This last piece reflects a childhood spent on a working farm, one with 10,000 egg laying chickens. We also had, at one time or another, a family cow, sheep, pigs, and one pony. But the chickens dominated everything. Eggs had to be collected 2 or 3 times daily and feed distributed twice a day. The hours spent cleaning four chicken coops at least once a year are stained into my memory. Needless to say, at least a part of my childhood was spent in a dusty gray-black environment. In spite of this, I would not change one minute of my time on that farm. For a small boy growing up it was heaven. I consider myself truly blessed by those years.

Self portrait #4 acrylic-collage 24x24 $1200

Self Portrait #4 detail

Self Portrait #4 detail

Wednesday, January 7, 2009


The next two "self portraits" reflect on my days as an emergency room physician, using images from my sketch book.

ER acrylic-collage 14x14 on canvas $400

ER detail

Chest pain acrylic-collage 12x12 $300

Chest pain detail

Tuesday, January 6, 2009


it was not possible to stop after one or two. After completing the first three "self portraits" I went on to do 4 more. The series has evolved into an exercise of creating art using graphic biographical material, as well as making a statement about my art. This is a departure from my usual work, and I'm not sure if I should offer an explaination for each piece. My inclination is not to do so, and let the viewer reach, or not reach, their own conclusions.

The Artist as a very young man acrylic-collage 12x12 $300

Sunday, January 4, 2009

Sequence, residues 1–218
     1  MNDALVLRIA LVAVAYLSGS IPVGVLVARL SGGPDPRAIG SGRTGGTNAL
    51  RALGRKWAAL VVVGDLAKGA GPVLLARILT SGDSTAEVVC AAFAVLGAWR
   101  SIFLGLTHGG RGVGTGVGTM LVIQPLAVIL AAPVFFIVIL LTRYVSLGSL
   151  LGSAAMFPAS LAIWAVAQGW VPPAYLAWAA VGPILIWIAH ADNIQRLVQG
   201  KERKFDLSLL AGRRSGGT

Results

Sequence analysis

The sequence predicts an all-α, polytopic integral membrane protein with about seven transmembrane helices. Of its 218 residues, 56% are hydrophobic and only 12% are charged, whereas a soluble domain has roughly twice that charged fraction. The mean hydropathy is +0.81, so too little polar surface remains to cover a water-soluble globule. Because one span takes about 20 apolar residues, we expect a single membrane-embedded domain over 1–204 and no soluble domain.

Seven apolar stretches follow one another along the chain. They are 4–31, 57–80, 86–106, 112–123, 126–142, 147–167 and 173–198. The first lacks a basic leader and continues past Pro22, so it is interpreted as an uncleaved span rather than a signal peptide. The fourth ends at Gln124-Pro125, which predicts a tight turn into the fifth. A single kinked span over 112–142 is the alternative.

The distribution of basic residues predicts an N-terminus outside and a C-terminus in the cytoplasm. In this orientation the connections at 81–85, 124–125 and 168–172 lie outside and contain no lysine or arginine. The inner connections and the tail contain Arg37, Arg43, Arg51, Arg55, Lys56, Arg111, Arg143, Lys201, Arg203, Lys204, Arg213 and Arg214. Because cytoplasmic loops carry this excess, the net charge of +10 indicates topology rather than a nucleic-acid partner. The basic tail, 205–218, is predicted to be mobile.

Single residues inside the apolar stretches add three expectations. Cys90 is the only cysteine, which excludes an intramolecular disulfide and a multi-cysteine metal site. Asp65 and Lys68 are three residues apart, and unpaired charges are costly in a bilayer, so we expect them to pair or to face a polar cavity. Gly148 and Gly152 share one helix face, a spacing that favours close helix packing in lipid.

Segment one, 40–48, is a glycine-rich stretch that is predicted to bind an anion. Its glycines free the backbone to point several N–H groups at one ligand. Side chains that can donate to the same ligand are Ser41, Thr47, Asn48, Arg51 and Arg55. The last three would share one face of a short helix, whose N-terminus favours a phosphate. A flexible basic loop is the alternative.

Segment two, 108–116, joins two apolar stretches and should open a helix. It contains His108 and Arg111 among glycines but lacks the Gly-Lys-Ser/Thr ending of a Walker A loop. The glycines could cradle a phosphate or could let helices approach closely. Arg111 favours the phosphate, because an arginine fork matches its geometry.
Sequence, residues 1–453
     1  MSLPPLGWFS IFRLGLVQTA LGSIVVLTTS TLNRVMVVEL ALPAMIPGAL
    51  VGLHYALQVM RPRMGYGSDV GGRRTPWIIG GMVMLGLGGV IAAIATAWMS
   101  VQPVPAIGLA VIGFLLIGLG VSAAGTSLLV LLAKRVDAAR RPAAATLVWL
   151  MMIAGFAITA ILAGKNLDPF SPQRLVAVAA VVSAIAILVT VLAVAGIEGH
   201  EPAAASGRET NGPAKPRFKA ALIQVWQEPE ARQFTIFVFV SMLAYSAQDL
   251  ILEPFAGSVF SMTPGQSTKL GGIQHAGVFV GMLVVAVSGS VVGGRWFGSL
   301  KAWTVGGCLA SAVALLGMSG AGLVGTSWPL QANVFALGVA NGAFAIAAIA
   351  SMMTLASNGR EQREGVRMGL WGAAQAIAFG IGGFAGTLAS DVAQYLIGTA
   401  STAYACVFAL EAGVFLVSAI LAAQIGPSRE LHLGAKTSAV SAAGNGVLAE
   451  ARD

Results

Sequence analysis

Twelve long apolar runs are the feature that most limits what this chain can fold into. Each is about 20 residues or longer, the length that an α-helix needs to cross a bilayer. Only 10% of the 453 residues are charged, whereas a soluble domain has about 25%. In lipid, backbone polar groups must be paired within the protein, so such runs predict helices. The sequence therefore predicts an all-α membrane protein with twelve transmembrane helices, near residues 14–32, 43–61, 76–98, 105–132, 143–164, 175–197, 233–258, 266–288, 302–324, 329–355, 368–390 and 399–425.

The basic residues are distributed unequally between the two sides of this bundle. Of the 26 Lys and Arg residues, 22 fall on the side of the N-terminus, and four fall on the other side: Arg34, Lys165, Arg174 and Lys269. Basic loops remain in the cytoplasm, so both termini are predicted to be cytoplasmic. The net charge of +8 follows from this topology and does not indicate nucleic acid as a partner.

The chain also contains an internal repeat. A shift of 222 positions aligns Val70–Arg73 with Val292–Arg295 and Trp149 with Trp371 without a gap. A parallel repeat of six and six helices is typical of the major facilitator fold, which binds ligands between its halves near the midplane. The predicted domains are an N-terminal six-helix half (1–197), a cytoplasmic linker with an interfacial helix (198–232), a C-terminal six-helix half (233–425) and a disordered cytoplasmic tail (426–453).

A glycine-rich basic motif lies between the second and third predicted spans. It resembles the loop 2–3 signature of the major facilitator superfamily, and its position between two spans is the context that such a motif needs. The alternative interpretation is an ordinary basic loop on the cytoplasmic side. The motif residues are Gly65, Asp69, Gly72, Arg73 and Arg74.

I have broadened the definition of the self portrait to include biographical and other personal characteristics beyond just the physical appearance that define who and what we are. To accomplish this I am using photos, old drawings and paintings, and other picture resources, and trying to incorporate them into a cohesive work of art. The intent is to "say something" about myself and my art. As might be expected, some results are more successful than others, at least to my eyes.

Self Portrait #2 acrylic-collage on panel 24x24 $1200

Saturday, January 3, 2009


when an idea will strike. For me it is often in the middle of a shower, as it did several days ago. I have no idea where it came from, but suddenly there it was, clear and distinct...I would not do the acrylic triptych on the three 24x24 panels, but on the large 48x60 canvas that has been sitting patiently in the storage area for almost 6 months. But, before doing that I would begin a series of "self Portraits" on the 3 panels. Self portraits?? Where in the hell did this come from? In my 30 plus years of making art I have done only one self portrait over 15 years ago, and have not thought about it since. In any event, as many of you know, it is not wise to ignore the muses, so, for the past week I have been busy working on what I now think of as a series of biographical paintings. It will be fun to see where this takes me.

Here is my first effort, an acrylic-collage on a 24x24" hard wood panel. More will follow in the days ahead. (I have put the pastels away for awhile.)

Self Portrait #1 $`1200